My latest Crucible column for Chemistry World (July) is mostly non-technical enough to put up here. This is the pre-edited version.
The English composer Edward Elgar is said to have boasted that the first of his Pomp and Circumstance Marches had a tune that would ‘knock ‘em flat’. But on another occasion he inadvertently found a way to achieve that effect rather too literally. Elgar was an enthusiastic amateur chemist, and fitted up his home in Hereford with a laboratory which he called The Ark. His friend, the conductor and composer William Henry Reed, tells how Elgar delighted in making a ‘phosphoric concoction’ which would explode spontaneously when dry – possibly Armstrong’s mixture, red phosphorus and potassium chlorate, used in toy cap guns. One day, Reed says, Elgar made a batch of the stuff but then musical inspiration struck. He put the mixture into a metal basin and dumped it in the water butt before returning to the house.
‘Just as he was getting on famously,’ wrote Reed, ‘writing in horn and trumpet parts, and mapping out wood-wind, a sudden and unexpected crash, as of all the percussion in all the orchestras on earth, shook the room… The water-butt had blown up: the hoops were rent: the staves flew in all directions; and the liberated water went down the drive in a solid wall. Silence reigned for a few seconds. Then all the dogs in Herefordshire gave tongue.’
Schoolboy pranks were not, however, the limit of Elgar’s contribution to chemistry. He took his hobby seriously enough to invent a device for synthesizing hydrogen sulphide, which was patented and briefly manufactured as the Elgar Sulphuretted Hydrogen Apparatus. Elgar’s godson claimed that the device was ‘in regular use in Herefordshire, Worcestershire and elsewhere for many years,’
Elgar is one of a small, select band of individuals who made recognized contributions to both chemistry and music [1,2] (although chemists who are also musicians are legion). Georges Urbain, best known as the discoverer of the element lutetium, was also a noted pianist and composer. Eighteenth-century musician and composer George Berg conducted extensive experiments in the chemistry of glass-making. But the most famous representative of the genre is Aleksandr Borodin, whose name is still familiar to chemists and musicians alike. As one of the Five, the group of Russian composers that included Mussorgsky and Rimsky-Korsakov, Borodin created a musical idiom every bit as characteristically Russian as Elgar’s was English.
As historian of chemistry Michael Gordin says of Borodin, ‘it is the fascination of this hybrid figure that has drawn a great deal of attention to the man, mostly focusing on whether there was some sort of “conflict” between his music and his science’ . There is good reason to suspect that the conflict was felt by Borodin himself, who seems to have stood accused by both chemists and musicians of spending too long on ‘the other side’. ‘You waste too much time thinking about music’, his professor Nikolai Zinin told him. ‘A man cannot serve two masters.’ Meanwhile, Borodin complained in a letter that ‘Our musicians never stop abusing me. They say I never do anything, and won’t drop my idiotic activities, that is to say, my work at the laboratory.’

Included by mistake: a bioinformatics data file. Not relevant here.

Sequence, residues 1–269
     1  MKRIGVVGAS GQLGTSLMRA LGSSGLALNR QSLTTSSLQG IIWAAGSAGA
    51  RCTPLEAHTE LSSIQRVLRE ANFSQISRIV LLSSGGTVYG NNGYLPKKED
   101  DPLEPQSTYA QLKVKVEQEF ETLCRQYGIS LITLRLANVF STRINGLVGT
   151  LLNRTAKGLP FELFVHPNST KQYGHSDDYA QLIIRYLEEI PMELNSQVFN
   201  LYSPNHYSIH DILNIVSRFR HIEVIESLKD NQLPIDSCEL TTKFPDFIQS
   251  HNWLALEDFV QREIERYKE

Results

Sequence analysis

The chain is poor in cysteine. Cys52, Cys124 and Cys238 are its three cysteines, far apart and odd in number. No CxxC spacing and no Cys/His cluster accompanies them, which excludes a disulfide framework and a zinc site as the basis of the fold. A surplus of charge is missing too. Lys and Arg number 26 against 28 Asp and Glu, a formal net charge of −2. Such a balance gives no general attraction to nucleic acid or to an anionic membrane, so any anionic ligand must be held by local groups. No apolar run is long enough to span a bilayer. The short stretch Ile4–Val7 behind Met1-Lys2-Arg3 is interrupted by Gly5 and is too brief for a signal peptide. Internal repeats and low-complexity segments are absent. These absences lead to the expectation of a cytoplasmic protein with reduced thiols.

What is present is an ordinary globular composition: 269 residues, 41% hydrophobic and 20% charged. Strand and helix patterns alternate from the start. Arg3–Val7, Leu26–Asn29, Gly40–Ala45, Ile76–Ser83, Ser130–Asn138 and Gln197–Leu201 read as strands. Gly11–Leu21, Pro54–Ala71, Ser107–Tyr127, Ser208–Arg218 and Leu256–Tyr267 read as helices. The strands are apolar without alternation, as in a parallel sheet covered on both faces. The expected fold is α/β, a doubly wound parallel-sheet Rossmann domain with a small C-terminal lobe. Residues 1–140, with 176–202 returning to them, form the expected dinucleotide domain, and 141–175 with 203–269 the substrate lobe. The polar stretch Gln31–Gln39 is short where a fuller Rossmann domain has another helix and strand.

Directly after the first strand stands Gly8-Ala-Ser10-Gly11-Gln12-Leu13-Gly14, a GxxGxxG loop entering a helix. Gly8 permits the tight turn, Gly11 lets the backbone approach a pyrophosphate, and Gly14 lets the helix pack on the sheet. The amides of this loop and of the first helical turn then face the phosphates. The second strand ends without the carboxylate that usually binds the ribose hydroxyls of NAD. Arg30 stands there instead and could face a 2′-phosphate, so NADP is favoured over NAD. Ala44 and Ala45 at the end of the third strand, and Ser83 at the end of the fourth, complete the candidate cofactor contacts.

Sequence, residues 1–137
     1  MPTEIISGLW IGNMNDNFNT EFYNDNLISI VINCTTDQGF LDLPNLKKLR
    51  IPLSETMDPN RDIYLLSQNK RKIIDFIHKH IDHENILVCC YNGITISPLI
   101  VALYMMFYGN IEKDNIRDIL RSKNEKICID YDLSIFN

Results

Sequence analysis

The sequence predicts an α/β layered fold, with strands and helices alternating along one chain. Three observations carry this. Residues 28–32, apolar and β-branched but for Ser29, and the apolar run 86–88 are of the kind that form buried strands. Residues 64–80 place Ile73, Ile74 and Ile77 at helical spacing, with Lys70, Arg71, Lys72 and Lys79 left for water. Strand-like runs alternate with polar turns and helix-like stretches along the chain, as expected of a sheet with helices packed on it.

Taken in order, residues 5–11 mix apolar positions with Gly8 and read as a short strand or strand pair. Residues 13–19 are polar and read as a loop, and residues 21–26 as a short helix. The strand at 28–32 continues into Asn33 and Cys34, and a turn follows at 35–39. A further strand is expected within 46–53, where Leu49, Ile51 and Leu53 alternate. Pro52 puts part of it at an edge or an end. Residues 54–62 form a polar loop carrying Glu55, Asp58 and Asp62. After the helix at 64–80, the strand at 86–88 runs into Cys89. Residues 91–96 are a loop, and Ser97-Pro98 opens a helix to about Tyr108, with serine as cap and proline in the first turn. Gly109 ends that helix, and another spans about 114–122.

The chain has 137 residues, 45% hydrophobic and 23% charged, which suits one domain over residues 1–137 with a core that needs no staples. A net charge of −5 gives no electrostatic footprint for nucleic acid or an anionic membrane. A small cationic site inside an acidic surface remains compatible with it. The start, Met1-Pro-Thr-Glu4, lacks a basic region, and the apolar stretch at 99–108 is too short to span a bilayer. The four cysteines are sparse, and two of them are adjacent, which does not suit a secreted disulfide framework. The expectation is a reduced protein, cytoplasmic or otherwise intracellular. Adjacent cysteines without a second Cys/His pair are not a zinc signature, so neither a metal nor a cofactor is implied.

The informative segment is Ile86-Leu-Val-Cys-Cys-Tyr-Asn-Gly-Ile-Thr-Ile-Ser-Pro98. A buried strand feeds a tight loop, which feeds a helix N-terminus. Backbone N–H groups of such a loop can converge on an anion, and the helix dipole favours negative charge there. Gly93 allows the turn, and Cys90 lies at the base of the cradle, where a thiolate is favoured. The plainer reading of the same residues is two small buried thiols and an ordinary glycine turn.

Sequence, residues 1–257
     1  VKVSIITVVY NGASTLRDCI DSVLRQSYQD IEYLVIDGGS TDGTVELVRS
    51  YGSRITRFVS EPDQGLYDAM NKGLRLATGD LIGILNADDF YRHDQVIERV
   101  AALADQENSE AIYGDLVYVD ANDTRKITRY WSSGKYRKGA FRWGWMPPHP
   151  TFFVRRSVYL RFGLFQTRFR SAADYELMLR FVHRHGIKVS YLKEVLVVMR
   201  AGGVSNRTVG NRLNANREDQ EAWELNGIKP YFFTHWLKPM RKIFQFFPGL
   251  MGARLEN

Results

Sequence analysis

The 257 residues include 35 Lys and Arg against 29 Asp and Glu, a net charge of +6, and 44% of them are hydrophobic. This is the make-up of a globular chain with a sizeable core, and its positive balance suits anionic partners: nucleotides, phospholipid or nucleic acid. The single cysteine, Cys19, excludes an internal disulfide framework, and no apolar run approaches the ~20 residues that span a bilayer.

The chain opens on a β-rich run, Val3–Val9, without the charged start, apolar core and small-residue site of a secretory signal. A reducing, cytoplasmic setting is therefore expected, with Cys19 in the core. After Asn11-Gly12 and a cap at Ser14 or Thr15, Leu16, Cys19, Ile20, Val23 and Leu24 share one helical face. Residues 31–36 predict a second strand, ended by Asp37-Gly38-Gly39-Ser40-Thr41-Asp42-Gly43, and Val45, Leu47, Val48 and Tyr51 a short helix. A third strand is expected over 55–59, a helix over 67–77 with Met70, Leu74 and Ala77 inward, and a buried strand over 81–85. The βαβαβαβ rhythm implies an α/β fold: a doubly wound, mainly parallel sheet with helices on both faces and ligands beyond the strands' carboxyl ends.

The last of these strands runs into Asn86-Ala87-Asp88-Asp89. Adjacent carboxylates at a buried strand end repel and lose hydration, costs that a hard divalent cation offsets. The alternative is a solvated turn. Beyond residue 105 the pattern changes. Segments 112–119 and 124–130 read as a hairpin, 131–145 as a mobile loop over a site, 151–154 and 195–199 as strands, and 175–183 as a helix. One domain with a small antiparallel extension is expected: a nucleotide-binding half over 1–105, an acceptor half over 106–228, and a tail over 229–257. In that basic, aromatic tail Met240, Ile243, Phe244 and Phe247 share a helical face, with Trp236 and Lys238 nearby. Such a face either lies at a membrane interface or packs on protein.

Rimsky-Korsakov portrayed his friend as literally rushing between his two passions, trying to keep both balls in the air. ‘When I went to see him’, he wrote, ‘I would often find him at work in the laboratory next door to his flat. When he had finished what he was doing, he would come back with me to his flat, and we would play together or talk. Right in the middle he would jump up and rush back into the laboratory to make sure nothing had burnt or boiled over, all the while making the corridor echo with incredible sequences of successive ninths or sevenths’ .
Such anecdotes titillate our curiosity not just about whether a person can ‘serve two [intellectual] masters’ but whether each might fertilize or inhibit the other. Yet there is little evidence that scientific knowledge does much more for artists (or vice versa) than supply novel sources of metaphor and plot: the science literacy evident in, say, the novels of Vladimir Nabokov (a lepidopterist) or Thomas Pynchon (an engineer) is a are joy to the scientist, but one imagines they would have been great writers in any event. And the ‘science’ in Goethe’s works might have been better omitted.
The enduring appeal of these questions has in Gordin’s view unduly elevated Borodin’s chemical reputation. He has been credited with discovering the so-called Hunsdiecker reaction, the decarboxylation of silver salts of carboxylic acids with bromine (sometimes called the Borodin reaction) , and most importantly with the aldol reaction, the conversion of an aldehyde into a b-hydroxy aldehyde, which forms a new carbon-carbon bond. The latter is often presented as Borodin’s discovery which was ‘stolen’ by the German chemist Charles-Adolphe Wurtz, whereas Gordin shows that in fact Wurtz got there first and that Borodin conceded as much.
Borodin’s priority claim was inflated, Gordin says, because of the desire to cast him as polymathic musician-chemist. ‘His chemistry is at best historically interesting’, says Gordin, ‘but not outstandingly so.’ Perhaps this determination to make Borodin ‘special’ in the end does more harm than good to the notion that ordinary scientists can be interested in more than just science.
1. L. May, Bull. Hist. Chem. 33, 35-43 (2008).
2. S. Alvarez, New J. Chem. 32, 571-580 (2008).
3. M. D. Gordin, J. Chem. Educ. 83, 561-565 (2006).
4. Quoted in A. Bradbury, Aldeburgh Festival programme booklet 2010, p.30-33.
5. See E. J. Behrman, J. Chem. Educ. 83, 1138 (2006).